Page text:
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Margaret LeMone | 16 August 2010 • Cold fronts are funny things. Sometimes they can sneak by without you knowing precisely when they’ve done so. Other times they are unmistakable. Fronts often come with thunderstorms, sometimes severe, but even those that pass by without any rainfall or snowfall at all can be worth a closer look.
Often, cold fronts change in response to the daily heating cycle. In the Northern Hemisphere, it’s fairly common to have clouds north of a front, but clear skies or scattered clouds to the south. In this case, daytime heating would be more intense in the clearer air to the south of the front. This will strengthen the front, while nighttime cooling will weaken it.
This all happens in the atmosphere’s lowest layer of air, called the boundary layer, where the temperature can swing up or down in a matter of hours by more than 20°F (14°C) in response to the heating or cooling of the surface.
Boundary-layer meteorologists from all over the world met this month for a conference at which they discussed turbulence, heating and cooling, and much more. This meeting, sponsored by the American Meteorological Society, included papers on the boundary layer in cities and over rural areas; it even dealt with meteorological aspects of wind power. Among other things, boundary-layer research enables us to understand how fronts evolve near the surface and how to represent those processes in numerical weather prediction models.
Although I’ve witnessed several frontal passages, I can recall only four times that I could actually document the frontal zone itself—and one of those times was based on data from an airplane flying back and forth through a front.
So it was really exciting this past July when my husband, Peter, and I found ourselves driving south through a well-defined cold front as we headed from Montana to our home in Colorado. Better yet, I was not driving, so I could monitor the cloudiness, wind, and even temperature, since our car has a sensor that seems reasonably accurate. At the end of this post you'll find a table of photos and a map relating each picture to the location where we shot it.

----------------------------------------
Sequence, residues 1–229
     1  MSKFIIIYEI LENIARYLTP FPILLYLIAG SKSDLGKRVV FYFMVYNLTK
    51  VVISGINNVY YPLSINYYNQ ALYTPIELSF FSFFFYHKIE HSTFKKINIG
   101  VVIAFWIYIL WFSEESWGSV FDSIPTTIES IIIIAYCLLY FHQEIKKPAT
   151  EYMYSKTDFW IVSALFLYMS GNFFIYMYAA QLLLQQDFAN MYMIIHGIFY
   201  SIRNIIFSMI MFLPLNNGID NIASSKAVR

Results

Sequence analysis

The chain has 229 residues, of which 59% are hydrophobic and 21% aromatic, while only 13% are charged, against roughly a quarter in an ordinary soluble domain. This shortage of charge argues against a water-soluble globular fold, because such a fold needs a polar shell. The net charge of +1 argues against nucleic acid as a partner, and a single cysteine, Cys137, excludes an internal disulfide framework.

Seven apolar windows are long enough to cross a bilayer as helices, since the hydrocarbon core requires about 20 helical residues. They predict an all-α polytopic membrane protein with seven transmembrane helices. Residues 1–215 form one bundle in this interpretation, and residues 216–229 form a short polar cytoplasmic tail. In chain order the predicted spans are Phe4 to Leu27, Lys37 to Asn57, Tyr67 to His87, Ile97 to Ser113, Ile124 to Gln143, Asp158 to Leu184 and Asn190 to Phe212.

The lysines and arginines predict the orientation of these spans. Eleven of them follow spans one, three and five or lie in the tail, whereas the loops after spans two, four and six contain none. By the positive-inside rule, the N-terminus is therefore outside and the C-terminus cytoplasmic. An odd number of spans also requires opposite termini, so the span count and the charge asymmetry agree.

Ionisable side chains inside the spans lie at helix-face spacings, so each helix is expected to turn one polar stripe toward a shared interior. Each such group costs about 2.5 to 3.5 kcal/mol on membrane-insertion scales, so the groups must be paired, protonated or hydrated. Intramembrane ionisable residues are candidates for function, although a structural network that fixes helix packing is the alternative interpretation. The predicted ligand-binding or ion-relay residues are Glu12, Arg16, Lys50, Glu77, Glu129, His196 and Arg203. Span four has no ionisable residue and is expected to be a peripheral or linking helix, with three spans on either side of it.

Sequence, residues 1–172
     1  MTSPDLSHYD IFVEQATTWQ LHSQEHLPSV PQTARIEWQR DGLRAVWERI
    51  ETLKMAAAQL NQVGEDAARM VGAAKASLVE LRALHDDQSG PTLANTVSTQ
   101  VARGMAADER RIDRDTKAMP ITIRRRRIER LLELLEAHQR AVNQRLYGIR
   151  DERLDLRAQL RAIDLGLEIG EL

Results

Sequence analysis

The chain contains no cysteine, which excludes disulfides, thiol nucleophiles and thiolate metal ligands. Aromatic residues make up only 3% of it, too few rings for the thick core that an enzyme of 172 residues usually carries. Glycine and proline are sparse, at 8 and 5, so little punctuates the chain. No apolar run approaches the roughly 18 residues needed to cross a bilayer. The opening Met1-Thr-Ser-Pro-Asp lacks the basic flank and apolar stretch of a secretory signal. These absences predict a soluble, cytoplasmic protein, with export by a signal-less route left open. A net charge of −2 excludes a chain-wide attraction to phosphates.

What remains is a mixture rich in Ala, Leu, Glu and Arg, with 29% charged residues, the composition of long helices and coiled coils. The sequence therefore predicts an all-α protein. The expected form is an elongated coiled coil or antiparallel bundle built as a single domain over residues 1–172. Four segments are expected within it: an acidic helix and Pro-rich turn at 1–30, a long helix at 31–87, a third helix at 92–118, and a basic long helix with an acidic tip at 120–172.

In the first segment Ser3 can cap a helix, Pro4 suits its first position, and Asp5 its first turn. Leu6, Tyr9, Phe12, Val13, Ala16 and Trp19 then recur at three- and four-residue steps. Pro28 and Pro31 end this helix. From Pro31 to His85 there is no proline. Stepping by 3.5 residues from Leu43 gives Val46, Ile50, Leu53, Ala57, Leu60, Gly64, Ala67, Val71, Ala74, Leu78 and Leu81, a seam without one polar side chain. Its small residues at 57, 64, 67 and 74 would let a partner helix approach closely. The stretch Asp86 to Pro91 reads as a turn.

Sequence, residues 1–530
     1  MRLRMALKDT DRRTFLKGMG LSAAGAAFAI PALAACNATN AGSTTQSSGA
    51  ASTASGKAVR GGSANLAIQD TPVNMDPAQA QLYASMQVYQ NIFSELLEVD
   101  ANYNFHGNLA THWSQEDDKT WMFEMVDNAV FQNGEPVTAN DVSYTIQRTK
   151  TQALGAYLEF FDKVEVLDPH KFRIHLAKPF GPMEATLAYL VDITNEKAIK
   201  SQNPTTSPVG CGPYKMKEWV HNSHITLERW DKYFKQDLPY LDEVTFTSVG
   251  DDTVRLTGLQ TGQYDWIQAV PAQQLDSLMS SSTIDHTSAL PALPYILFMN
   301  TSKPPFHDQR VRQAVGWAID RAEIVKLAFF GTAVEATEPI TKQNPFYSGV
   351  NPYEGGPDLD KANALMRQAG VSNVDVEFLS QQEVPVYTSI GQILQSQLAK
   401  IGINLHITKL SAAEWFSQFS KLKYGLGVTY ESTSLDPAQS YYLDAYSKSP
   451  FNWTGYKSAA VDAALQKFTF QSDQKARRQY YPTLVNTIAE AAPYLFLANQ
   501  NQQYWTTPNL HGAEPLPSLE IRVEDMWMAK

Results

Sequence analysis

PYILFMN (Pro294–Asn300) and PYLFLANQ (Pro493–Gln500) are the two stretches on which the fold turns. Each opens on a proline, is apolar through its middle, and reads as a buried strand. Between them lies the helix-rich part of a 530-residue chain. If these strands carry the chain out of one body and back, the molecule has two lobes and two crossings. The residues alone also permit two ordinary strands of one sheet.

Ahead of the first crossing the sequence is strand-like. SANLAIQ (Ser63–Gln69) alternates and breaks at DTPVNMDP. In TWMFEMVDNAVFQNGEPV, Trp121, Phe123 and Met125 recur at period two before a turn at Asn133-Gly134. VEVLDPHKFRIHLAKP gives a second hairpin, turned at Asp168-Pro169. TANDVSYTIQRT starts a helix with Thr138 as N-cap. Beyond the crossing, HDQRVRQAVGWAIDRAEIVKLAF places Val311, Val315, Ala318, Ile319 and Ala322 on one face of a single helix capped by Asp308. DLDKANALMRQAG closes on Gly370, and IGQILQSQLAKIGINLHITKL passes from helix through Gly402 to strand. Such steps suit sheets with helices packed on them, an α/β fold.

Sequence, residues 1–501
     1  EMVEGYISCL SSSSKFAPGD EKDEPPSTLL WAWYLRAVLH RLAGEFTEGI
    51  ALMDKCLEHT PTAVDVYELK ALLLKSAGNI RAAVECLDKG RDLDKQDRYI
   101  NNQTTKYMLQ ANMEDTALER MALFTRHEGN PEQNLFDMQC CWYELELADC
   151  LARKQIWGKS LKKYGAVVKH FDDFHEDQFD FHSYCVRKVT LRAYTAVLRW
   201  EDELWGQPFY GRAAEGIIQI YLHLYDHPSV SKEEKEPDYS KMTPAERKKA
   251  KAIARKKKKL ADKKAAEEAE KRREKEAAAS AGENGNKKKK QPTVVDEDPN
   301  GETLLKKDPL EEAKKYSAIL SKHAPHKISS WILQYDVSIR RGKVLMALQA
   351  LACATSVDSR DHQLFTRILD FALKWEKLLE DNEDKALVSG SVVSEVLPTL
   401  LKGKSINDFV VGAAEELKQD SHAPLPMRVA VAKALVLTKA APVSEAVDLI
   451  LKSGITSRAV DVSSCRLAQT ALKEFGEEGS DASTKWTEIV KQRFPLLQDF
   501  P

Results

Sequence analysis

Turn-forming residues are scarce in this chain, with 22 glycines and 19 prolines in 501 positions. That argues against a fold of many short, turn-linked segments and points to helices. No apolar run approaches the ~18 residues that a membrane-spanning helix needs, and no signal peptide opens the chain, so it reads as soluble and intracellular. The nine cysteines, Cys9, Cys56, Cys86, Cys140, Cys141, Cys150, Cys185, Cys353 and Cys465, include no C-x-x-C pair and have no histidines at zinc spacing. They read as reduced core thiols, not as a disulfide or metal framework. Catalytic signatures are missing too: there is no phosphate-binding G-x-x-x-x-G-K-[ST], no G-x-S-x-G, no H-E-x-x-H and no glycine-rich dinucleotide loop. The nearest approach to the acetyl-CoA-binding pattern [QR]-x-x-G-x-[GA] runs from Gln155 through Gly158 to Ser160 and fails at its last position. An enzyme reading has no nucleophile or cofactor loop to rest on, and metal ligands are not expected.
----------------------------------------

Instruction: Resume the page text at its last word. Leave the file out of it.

Well to the north of the front—between Buffalo and Casper, in Wyoming—I noticed that the clouds were organized in "streets," or rows, aligned almost perpendicular to the highway. You could actually see the cloud shadows lined up on the ground. If they were parallel to the strong winds we were experiencing, then these clouds formed the top of upwelling currents extending up from the ground. If not, they could have been associated the crests of atmospheric waves riding atop the cool air mass.
On the front line
As I took a series of pictures of the cloud streets and their shadows, Peter noticed a thickening of the clouds to the south, and speculated that it could be the cold front that had passed over us while we were still in Montana. Once we found a place to pull off, we stopped so that I could take a picture of the clouds to the south. By this point, it was about 9:00 a.m.
As we continued farther south, passing through the front, I recorded the times, temperatures, and mile markers, so that we could reconstruct the frontal structure later. I was planning to photograph the clouds in Casper, where we’d be stopping for gas, but once we got there (between 9:20 and 9:30 a.m.) our view was blocked and there was no chance to see the clouds to the north.
The temperature rise to the south of the front was significant. Figure 1 (above) shows a plot of the temperatures measured from our car as we drove south along I-25.
As we drove east from Casper, the frontal cloud zone was visible to the north. We originally thought the zone was oriented east-west, but as we traveled eastward, it become obvious that the clouds were actually oriented more from the southeast to northwest. Winds south of the front were light (5–10 miles per hour in Casper) and out of the southwest.
Meanwhile, back at the maps
How did our impressions agree with the synoptic situation? Figure 3 (bottom of page) shows the temperature field at about the time we were recording our data. The winds clearly reflect the position of the front, but the temperatures at the stations do not show as much contrast as we saw locally. In fact, some of the readings ahead of the front are cooler than those behind it! By afternoon, the front had apparently stalled, as shown by the stationary front (alternating blue and red segments) bisecting Wyoming on the 3:00 p.m. MDT weather map (Figure 2, above).
The University Corporation for Atmospheric Research manages the National Center for Atmospheric Research under sponsorship by the National Science Foundation. Any opinions, findings and conclusions, or recommendations expressed in this publication are those of the author(s) and do not necessarily reflect the views of the National Science Foundation.